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It is hard to be strongly faithful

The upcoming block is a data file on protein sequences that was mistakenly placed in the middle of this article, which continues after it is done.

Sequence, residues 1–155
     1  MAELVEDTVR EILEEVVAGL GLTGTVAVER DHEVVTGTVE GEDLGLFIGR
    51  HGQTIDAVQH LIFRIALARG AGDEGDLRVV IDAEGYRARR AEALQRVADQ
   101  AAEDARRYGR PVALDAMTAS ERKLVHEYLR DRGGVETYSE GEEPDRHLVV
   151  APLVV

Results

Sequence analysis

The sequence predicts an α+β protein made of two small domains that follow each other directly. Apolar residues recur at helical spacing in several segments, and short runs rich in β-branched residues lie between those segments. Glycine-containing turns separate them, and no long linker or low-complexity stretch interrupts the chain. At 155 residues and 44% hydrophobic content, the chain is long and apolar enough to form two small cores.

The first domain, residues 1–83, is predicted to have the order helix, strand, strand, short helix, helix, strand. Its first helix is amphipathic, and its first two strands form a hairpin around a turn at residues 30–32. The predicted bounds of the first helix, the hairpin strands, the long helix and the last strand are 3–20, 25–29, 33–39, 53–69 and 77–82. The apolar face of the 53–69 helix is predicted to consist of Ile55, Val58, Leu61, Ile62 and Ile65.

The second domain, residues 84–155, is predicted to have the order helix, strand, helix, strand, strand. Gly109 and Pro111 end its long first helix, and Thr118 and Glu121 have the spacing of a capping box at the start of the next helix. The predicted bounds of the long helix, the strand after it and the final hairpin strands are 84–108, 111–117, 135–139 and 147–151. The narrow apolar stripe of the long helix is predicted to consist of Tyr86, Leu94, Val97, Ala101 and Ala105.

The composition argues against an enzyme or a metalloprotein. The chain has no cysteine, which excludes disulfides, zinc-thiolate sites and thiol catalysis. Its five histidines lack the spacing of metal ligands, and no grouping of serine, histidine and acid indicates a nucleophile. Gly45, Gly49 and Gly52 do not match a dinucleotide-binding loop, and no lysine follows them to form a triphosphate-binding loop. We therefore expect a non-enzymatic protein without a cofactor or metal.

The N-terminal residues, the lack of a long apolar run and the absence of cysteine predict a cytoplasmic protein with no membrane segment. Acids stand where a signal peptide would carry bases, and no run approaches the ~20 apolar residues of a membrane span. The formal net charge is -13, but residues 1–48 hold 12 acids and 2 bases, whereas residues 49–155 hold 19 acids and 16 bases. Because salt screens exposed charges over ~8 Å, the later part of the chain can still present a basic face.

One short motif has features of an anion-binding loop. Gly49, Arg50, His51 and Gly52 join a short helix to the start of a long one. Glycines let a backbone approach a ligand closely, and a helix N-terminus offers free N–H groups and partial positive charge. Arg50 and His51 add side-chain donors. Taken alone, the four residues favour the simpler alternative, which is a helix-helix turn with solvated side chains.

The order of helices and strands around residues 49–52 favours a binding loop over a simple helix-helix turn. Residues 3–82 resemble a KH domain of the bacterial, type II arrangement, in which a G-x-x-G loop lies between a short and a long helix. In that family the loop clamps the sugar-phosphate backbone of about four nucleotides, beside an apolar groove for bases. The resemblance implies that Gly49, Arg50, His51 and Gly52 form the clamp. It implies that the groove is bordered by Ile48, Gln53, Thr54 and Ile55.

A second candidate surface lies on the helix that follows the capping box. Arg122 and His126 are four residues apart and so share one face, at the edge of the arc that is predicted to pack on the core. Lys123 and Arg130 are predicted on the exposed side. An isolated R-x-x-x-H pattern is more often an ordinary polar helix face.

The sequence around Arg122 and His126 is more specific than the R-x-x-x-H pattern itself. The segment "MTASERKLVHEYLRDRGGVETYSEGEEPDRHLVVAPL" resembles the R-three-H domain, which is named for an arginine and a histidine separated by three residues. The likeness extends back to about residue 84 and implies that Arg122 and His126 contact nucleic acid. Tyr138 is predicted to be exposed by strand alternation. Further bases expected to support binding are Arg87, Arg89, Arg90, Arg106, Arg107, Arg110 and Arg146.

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Many algorithms for inferring causality are based on partial correlation testing. Partial correlations define hypersurfaces in the parameter space of a directed Gaussian graphical model. The volumes obtained by bounding partial correlations play an important role for the performance of causal inference algorithms. By computing these volumes we show that the so-called “strong-faithfulness assumption”, one of the main constraints of many causal inference algorithms, is in fact extremely restrictive, implying fundamental limitations for these algorithms. We then propose an alternative method that involves finding the permutation of the variables that yields the sparsest DAG . In the Gaussian setting, our sparsest permutation (SP) algorithm boils down to determining the permutation with sparsest Cholesky decomposition of the inverse covariance matrix. We prove that the constraints required for our SP algorithm are strictly weaker than strong-faithfulness and are necessary for any causal inference algorithm based on conditional independence testing.

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